I turn 21 in a month, and I still have no idea what I want to pursue as a career after university or how to get there.
Sure its two years away but I feel behind already.
Also how does one go about getting an internship in the UK?
I've yet to speak to anyone from any dev industry and it's beginning to concern me.

  • 16
    Just apply. Get into the mode of applying and interviewing. Fail interviews and move on. Don’t accept unpaid internships for experience otherwise you won’t know how much you’re worth.

    Do projects you can talk about during the interview. We don’t judge too harshly on internship candidates. Be prepared to solve algorithm questions. Mostly easy to some medium on leetcode should be good enough.

    But you must get an internship before you graduate otherwise you’re in the danger zone. We prefer one internship because it humbles you out. There are differences between industry and non-industry people.

    What’s common knowledge between non-industry is vastly different from industry. Even QA understands asynchronous vs synchronous. Though it’s really masked from internship candidates. We’ll praise you for doing a “hello world” server project. But don’t let it get to your head. The industry is full of brilliant people. But you’ll also realize, they’re just people too. Even if you’re one of the few engineers who worked on Google Ads early on. You’ll still make mistakes!

    Start applying. Get into the industry. After that you’ll be helping new grads as well. For me, it’s fresh in my mind to put myself into your shoes. I’ve just recently graduated. I had all these questions before my first internship: Are people really really good out there? How does software development actually look like? What if I can’t keep up?

    Then it becomes a transition from your university days to professional life. It will all become natural soon.
  • 4
    @growling Wow, thank you so much for this. I feel like just from this response alone I have more of a clear goal of what to do over the next two years so I can prepare myself for the working world. Genuinely sounds like great advice and insight, I'll definitely take it on board.
  • 2
    @growling nice words ,sir. :)
  • 2
    Having just got through this myself I would agree with @growling,

    If you need suggestions of where to start looking I would highly recommend:
    1. Attending non-university events such as hackathons, these are normally sponsored by companies looking for skilled graduates or people looking for internships. These can work out great if you treat them as a way to show off your skills and not a competition. Chat to the sponsors, tell them about what you are making and see if they are hiring. I went to one hosted by a company and scored an internship sans interview and assessment centre. The student organised ones in league with MLH are also fun and you are more likely to find either more local people or people involved with startups if that is what you may prefer.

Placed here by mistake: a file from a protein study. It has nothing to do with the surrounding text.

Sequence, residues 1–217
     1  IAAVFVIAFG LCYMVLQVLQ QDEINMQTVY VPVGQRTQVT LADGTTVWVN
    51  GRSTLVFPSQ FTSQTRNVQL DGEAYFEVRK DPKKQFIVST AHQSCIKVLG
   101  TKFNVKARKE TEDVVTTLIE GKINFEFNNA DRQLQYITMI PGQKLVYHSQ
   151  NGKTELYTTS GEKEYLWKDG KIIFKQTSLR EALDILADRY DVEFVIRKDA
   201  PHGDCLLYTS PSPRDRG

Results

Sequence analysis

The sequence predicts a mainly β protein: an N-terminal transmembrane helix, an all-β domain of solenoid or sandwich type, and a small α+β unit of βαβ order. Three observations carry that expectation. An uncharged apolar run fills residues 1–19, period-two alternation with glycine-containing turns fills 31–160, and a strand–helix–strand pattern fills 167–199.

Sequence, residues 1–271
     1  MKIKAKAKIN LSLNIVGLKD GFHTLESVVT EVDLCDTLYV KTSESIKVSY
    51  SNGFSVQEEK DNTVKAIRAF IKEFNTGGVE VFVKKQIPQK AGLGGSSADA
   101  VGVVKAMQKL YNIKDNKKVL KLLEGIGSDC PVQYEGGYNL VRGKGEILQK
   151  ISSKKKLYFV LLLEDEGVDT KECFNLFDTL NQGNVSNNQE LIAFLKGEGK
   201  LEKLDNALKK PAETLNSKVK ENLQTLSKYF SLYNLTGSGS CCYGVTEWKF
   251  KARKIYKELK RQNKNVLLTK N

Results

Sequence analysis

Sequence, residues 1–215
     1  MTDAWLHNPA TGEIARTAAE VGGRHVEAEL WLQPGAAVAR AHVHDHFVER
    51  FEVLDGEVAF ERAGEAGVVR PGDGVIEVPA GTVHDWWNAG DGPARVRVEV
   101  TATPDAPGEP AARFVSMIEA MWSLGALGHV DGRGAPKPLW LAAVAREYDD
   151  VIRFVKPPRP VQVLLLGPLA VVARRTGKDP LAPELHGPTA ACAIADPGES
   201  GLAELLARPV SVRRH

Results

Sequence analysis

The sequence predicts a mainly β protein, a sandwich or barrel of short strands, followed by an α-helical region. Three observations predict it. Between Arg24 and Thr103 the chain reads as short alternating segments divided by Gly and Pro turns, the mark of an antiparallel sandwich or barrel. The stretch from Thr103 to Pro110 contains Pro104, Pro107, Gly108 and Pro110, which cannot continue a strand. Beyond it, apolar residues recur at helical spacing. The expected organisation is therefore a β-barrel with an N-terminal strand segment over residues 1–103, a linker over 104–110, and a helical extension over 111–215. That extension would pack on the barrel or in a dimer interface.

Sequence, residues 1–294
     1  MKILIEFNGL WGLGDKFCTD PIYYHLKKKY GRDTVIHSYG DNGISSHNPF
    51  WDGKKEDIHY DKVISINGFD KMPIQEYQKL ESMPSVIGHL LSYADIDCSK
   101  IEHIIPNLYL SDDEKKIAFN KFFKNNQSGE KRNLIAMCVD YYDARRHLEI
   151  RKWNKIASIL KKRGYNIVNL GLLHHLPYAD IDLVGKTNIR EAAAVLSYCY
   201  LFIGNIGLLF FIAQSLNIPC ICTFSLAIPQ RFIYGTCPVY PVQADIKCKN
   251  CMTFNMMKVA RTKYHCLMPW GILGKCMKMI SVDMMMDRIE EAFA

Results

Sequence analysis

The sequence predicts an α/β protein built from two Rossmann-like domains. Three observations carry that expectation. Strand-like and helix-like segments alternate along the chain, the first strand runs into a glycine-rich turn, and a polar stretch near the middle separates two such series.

• 2
    2. Attend Milk roundabouts, basically job fairs for startups/ small to medium companies. You can always be favoured if you can impress (but not oversell) yourself when meeting the tech lead for a small company for the first time but if you can make yourself memorable and get invited to an interview they may be more willing to give you a chance.
    3. Attend user groups, find yourself a local usergroup for a topic you enjoy and chances are you will find people of similar mind who will be using that technology in their work, get to know them and see if their company is hiring!
  • 3
    On a final note, I have been talking about getting an internship/job in industry but there is another less trodden path into academia, this is more for the person who has found their calling in university on a specific specialty such as AI, quantum computing or functional programming. The idea there would be to identify which topic you would be interested doing a Master's/PHD in and find yourself a good lecturer to help you through it, that lecturer may be from another university and make sure you are studying at a university which is known for that subject. If this is the path you want to go I would recommend talking to your head of course or a friendly lecturer to see what they say, most lecturers like encouraging their best students into further academia, usually means there are more lecturers in the department meaning less teaching requirement on them :)

    Hope this helped!
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